A more precise way of pool testing, developed by scientists at SUNY Upstate Medical Center, will help better track COVID-19 outbreaks at SUNY schools.
New SUNY Chancellor Jim Malatras announced the Department of Health will allow saliva diagnostic testing that can identify positive COVID cases at labs in Syracuse. Combined with testing pools of 10-25 people at a time, it means schools will be able to rapidly screen more than 15,000 individuals a day in a single lab.
Malatras said that is key to controlling the spread of COVID 19.
“Now, we cannot just know what’s going on, we can help better pinpoint the virus, address the virus, contain the virus,” Malatras said. “Understanding how the virus is spreading on a campus, by testing like this, is essential to maintain the ability to stay open, to give confidence to parents, students, faculty and staff. This is a really important thing.”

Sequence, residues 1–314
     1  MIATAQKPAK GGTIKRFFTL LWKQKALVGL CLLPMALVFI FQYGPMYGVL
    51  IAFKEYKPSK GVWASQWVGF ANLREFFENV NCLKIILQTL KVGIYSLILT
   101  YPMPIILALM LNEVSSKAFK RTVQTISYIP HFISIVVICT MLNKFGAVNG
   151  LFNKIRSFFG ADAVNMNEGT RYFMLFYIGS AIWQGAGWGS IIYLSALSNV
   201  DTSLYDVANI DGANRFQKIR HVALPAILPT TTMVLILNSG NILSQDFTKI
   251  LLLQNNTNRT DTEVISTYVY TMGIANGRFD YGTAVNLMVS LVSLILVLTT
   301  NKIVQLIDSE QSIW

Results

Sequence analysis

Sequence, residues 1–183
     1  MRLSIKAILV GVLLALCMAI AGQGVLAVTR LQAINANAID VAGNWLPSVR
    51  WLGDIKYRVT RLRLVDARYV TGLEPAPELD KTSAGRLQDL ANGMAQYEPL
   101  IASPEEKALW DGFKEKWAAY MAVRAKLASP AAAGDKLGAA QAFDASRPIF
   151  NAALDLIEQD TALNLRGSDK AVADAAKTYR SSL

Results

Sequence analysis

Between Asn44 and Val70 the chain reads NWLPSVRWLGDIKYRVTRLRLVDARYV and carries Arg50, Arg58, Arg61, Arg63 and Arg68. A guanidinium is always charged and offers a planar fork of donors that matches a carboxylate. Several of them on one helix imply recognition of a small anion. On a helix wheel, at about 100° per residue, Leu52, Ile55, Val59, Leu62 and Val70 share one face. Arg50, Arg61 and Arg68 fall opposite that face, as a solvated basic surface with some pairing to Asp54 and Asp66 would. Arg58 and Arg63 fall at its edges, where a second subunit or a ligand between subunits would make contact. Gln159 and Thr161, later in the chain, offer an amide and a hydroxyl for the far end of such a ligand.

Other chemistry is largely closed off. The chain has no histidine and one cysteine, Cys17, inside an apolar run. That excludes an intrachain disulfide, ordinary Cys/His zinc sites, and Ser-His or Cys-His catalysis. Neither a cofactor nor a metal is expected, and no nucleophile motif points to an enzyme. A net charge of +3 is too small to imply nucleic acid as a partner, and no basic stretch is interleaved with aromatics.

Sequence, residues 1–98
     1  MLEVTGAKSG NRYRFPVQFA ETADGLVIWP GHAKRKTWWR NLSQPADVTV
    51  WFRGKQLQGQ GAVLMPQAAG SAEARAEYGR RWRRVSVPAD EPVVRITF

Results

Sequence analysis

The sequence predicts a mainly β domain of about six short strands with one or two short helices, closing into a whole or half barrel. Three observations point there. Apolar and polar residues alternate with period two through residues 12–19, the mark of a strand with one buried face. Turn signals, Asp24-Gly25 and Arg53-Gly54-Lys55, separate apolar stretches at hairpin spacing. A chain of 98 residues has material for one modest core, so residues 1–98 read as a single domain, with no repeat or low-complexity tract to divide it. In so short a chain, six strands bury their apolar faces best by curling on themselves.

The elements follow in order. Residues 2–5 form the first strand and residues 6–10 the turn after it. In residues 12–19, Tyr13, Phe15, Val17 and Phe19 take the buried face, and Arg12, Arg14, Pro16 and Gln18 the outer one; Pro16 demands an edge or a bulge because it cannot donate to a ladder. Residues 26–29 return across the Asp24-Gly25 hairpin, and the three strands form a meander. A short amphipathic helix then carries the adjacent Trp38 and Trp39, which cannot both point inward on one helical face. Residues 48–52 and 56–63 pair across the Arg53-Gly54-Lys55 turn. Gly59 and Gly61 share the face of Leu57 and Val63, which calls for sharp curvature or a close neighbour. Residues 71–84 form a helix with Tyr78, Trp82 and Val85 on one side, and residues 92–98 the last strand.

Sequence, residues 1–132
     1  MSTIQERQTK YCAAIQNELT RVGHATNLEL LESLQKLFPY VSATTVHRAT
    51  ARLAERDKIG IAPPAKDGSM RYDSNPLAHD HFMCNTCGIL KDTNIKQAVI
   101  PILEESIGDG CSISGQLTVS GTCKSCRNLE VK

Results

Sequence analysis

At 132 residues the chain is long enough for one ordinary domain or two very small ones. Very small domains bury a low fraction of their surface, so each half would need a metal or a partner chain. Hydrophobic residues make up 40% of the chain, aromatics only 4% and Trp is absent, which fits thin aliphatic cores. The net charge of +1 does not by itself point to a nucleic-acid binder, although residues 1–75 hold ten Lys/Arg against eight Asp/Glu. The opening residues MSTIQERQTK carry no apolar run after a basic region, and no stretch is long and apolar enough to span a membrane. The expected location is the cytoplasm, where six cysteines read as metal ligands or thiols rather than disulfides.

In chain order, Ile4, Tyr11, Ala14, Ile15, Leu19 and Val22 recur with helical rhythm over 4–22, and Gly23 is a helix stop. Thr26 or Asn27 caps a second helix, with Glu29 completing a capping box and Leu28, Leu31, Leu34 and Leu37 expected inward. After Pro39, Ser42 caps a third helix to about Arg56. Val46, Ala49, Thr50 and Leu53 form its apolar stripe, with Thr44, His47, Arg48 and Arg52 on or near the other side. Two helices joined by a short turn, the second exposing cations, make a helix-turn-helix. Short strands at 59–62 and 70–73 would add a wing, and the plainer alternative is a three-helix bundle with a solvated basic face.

Malatras said this science has been key in corralling a COVID cluster at SUNY Oneonta. He suspended in-person instruction at Oneonta for two weeks after a handful of super-spreading events led to 3% of students testing positive, one week into the semester at the Otsego County school.
SUNY Upstate will now ramp up individual saliva testing for any SUNY campus that has already signed up for the pooled surveillance testing.